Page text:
Brendan Lynch
KU News Service

Discovery of distant ‘lensing galaxy’ heralds new grasp of the universe

Thu, 10/17/2013

LAWRENCE — Occasionally, astronomers find an extraordinary “lensing galaxy” that can enhance light like a telescope from even deeper reaches of universe — brightening and magnifying background galaxies up to 30 times. 

Gregory RudnickNow, an astronomer at the University of Kansas is part of a team that has detected the most-distant-known example of a lensing galaxy — located some 9.5 billion light years away from Earth. Their findings have just been published in Astrophysical Journal Letters.

“Because it magnifies and stretches very faint background galaxies, we can see objects too intrinsically dim to otherwise observe,” said Gregory Rudnick, associate professor of physics and astronomy at KU. “The magnifying of these faint background galaxies give us opportunities to study them in unprecedented detail.”

The discovery could herald a new understanding of the way galaxies are born.

Using the Hubble Space Telescope and the Arizona-based Large Binocular Telescope Observatory, Rudnick and a team of scientists headquartered at the Max-Planck Institute in Heidelberg, Germany, have peered through the newfound gravitational lens to see a faraway galaxy forming stars at a “tremendous” rate compared to its mass in stars.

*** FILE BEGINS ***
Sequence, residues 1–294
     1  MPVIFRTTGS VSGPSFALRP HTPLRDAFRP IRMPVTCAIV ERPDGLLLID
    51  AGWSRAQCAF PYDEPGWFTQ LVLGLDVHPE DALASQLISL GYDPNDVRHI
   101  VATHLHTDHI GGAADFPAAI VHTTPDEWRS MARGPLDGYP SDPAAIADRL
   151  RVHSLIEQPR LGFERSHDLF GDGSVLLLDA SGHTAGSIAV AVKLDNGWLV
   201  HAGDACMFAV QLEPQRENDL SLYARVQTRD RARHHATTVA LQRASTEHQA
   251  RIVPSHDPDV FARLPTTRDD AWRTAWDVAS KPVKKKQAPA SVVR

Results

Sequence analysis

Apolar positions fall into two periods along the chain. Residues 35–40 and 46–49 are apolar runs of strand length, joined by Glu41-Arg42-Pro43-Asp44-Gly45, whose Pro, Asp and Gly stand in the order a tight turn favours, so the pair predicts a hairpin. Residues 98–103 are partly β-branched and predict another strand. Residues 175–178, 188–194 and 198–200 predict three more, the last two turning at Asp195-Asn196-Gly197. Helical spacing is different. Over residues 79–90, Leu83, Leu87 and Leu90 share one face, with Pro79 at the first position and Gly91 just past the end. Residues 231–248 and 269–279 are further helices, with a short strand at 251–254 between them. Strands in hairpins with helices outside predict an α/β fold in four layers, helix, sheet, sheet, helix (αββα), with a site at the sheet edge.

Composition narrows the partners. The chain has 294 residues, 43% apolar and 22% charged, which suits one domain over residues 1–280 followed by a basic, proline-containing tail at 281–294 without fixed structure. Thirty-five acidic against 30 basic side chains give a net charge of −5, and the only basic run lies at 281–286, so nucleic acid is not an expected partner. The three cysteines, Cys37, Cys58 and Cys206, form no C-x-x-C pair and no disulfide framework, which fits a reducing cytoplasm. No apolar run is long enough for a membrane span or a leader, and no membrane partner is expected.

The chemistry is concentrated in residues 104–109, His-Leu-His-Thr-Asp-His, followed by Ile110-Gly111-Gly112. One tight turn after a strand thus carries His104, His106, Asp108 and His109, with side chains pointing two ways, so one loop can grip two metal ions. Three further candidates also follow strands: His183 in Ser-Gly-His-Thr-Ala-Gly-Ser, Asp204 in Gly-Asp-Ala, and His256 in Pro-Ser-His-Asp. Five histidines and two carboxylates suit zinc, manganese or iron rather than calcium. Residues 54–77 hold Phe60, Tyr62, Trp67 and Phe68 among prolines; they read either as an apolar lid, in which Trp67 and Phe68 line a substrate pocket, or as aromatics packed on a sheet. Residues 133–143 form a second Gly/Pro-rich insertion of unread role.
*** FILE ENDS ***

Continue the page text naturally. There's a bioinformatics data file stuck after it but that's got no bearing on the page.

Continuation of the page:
“It turns out that there are a handful of these very distant, small star-forming galaxies that are lensed by galaxies that are closer to us than the lens we have just discovered,” Rudnick said. “If you calculate the probability of this happening, it implies that these intrinsically faint, starbursting galaxies must be extremely numerous, and that they may be important building blocks of present-day galaxies.”

Moreover, the discovery allows insight into the mass and amount of dark matter in the lensing galaxy itself.

“The exact way that the light from the background galaxy is bent tells us about the amount and distribution of mass in the foreground object,” Rudnick said. “So we get an objective way of weighing the foreground object, in this case a galaxy, and seeing how its total mass is distributed — that is, how concentrated it is.”